Fort Wayne's Farmers Market creator Leigh Rowan slept well Saturday night. That's because the new, monthly indoor market drew mostly nonstop traffic at its Saturday morning opening at Parkview Field.
With just six weeks between the first inkling and the inaugural sale, Rowan pulled off an amazing feat – one that saw two or three vendors sell out of their products during the three-hour event, a couple who were on the fence sign on for a full season, and others introduce their products in Fort Wayne.
“I looked at Indianapolis' and Muncie's markets,” said Rowan, who sells her baked goods as Big Brick House Bakery. “They have education programs. I wanted to bring that flavor and genre to Fort Wayne.”
Rowan got things rolling, despite being new to Fort Wayne. She closed her retail location in Wabash because of the hard economic times, came to Fort Wayne six months ago and has been selling her breads and other goods from her red truck at local farmers markets.
Fried pies, pumpkins, rings and bracelets, caramel apples, and more lured shoppers to vendors' tables Saturday.
Shoppers browsed through selections from Young's Greenhouse and Flower Shop, Goddess Granola, Keepsake Threads, Old Fort Soap Co. and others at the indoor market.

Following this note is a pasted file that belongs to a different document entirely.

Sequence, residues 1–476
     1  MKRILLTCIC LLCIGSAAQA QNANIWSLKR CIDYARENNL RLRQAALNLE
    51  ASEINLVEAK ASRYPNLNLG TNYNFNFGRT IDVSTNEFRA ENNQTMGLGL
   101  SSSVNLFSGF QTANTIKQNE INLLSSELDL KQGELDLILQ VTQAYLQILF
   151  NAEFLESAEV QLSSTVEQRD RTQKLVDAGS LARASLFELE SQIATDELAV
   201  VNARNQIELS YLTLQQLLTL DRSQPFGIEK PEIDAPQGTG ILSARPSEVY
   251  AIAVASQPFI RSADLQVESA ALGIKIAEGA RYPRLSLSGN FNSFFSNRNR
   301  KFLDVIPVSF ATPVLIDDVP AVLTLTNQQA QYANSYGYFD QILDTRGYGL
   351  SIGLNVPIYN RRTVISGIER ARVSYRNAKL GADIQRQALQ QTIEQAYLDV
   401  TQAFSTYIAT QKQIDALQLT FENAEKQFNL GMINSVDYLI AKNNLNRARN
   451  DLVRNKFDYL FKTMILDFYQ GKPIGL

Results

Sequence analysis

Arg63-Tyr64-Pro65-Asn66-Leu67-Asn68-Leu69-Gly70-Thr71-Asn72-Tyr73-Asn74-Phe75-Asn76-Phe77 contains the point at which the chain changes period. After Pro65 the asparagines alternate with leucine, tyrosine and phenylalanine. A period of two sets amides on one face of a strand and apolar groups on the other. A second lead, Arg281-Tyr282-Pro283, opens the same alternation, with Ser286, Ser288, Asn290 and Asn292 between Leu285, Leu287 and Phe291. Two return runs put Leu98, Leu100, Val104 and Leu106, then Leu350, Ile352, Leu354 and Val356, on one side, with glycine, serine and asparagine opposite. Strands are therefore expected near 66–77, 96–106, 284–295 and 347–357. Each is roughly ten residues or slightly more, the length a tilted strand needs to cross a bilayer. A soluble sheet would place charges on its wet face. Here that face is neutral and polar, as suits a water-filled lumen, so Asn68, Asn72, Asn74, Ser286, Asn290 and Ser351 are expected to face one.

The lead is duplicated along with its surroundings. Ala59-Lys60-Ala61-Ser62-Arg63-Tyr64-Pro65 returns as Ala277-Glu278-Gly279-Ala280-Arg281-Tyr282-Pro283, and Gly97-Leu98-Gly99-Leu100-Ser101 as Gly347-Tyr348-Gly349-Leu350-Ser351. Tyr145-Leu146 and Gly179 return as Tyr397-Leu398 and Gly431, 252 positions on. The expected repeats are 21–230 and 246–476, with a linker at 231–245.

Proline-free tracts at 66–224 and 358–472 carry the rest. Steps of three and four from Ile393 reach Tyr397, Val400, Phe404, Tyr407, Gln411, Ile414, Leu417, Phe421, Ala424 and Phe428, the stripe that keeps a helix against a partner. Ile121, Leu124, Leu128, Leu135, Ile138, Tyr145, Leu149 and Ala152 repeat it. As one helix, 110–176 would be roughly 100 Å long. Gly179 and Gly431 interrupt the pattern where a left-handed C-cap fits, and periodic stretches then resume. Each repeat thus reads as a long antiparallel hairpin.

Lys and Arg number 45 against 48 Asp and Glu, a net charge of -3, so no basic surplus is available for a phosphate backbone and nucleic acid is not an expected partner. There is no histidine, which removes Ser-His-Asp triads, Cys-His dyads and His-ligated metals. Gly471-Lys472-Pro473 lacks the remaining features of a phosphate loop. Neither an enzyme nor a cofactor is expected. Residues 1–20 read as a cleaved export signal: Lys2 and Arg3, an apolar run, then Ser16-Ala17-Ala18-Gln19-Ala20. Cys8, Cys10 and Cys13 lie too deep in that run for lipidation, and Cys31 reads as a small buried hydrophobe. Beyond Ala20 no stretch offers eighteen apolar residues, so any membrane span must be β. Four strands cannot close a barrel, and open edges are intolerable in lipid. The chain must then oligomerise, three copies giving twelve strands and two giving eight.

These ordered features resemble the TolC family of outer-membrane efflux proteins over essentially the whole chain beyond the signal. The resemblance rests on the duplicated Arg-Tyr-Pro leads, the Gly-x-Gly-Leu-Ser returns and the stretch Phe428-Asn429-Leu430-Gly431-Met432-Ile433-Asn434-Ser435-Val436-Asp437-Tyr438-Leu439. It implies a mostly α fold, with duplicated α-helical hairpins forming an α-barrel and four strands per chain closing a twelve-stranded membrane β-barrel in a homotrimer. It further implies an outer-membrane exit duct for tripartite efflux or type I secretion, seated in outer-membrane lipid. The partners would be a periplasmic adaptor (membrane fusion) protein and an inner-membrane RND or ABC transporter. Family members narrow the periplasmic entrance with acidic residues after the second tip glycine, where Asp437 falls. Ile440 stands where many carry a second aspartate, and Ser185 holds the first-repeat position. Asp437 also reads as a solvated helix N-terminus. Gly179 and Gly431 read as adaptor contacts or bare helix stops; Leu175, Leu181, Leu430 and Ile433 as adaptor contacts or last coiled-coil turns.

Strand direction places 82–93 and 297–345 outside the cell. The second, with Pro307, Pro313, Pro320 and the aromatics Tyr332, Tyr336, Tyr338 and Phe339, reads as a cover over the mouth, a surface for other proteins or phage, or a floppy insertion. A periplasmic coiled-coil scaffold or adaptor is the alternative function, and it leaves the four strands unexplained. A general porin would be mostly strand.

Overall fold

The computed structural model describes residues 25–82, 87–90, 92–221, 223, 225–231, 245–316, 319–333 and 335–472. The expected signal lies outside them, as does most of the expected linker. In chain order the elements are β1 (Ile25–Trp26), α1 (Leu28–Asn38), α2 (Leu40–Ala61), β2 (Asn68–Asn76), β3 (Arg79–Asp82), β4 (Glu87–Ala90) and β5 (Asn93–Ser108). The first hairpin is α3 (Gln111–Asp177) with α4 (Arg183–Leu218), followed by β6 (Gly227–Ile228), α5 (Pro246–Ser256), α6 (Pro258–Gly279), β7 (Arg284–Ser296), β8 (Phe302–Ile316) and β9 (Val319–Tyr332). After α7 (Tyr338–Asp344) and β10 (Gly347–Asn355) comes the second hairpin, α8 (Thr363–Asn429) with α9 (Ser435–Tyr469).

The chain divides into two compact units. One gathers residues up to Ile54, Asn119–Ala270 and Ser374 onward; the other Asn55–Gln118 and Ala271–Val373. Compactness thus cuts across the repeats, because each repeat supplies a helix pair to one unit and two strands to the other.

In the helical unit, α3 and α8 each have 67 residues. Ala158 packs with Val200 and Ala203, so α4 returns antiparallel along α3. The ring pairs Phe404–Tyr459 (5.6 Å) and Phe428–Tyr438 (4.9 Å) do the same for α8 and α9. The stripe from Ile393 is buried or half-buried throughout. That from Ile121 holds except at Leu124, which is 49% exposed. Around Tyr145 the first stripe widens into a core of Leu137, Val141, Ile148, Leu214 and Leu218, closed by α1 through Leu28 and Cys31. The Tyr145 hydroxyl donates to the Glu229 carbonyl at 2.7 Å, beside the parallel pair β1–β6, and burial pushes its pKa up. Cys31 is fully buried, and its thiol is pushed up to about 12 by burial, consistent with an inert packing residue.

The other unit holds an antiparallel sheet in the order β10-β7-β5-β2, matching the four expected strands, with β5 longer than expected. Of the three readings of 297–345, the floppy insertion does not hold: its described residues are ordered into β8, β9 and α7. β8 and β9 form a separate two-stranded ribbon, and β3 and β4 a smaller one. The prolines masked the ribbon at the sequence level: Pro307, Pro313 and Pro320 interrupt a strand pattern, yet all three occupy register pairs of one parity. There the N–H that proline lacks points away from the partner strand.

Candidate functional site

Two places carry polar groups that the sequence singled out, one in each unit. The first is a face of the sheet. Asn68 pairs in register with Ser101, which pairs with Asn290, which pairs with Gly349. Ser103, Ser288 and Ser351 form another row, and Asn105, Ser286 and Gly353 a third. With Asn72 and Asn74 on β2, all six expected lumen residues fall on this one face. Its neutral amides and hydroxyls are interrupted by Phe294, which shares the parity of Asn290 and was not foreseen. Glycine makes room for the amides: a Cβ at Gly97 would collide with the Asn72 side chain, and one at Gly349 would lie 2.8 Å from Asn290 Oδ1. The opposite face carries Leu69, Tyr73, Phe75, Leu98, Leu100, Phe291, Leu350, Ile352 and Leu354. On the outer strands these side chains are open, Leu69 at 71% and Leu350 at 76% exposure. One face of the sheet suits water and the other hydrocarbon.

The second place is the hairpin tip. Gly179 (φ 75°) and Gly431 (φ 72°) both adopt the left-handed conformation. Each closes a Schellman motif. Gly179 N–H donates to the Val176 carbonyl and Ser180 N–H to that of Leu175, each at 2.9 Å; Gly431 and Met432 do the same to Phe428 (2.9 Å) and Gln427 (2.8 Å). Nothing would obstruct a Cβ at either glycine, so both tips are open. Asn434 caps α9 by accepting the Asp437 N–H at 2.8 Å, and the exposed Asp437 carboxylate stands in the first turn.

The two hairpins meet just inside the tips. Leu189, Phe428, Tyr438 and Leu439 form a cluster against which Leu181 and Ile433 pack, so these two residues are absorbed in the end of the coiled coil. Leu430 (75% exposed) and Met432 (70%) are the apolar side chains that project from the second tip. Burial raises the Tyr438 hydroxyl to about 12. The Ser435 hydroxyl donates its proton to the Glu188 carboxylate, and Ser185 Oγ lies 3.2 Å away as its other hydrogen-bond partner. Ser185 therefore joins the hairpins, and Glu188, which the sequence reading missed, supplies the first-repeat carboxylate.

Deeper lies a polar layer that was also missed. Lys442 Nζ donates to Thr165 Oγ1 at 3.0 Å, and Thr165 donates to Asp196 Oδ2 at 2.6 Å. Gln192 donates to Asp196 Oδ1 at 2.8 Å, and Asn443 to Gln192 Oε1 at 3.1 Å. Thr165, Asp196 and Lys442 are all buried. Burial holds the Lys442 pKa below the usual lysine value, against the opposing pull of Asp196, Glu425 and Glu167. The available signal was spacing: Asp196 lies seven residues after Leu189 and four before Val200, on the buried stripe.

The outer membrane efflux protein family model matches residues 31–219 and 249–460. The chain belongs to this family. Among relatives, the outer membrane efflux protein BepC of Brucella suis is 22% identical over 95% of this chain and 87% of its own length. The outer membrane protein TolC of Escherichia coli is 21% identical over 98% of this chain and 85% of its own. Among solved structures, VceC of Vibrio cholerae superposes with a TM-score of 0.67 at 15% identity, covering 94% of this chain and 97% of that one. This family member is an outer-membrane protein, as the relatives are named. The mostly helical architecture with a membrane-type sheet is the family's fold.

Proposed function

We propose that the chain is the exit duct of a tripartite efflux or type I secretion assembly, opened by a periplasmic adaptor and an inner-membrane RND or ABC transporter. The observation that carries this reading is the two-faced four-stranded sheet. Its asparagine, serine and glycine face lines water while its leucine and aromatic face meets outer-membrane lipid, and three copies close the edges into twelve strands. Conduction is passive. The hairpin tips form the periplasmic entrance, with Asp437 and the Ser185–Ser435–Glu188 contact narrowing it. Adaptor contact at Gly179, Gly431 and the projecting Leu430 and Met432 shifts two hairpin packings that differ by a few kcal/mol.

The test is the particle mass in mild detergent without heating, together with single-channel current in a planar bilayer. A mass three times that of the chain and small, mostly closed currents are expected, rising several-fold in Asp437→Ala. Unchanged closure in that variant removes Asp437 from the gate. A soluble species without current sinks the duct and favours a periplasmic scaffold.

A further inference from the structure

About 100 people were counted at the market every half-hour, with tweets about it reaching about 14,000 people, she said.
The market will be open 9 a.m.-noon the first Saturday of each month through May in Parkview Field's Lincoln Financial Event Center on the east side of the field. Free visitor parking is available in the field's lot at Webster and Douglas streets and at parking meters.
Each market day will include a special event. The next Fort Wayne's Farmers Market, planned for Nov. 3, will feature a Purdue Extension food preservation and cooking demonstration with fall vegetable recipes. Mayor Tom Henry and a Fort Wayne Fire Department crew will be on hand.
On Saturday and since, Rowan said she has received a lot of positive feedback. About a dozen other vendors have shown interest, though not all can participate because it's a producer-only market, she said.
To people wishing it were a weekly market, Rowan says, not so fast. Farmers might not be able to bring produce in weekly during the winter. However, she has plenty of ideas about how to expand it with a Wednesday night market and creating an international flavor with Burmese and German-style foods. But she needs to get through this season of the market to see how things go.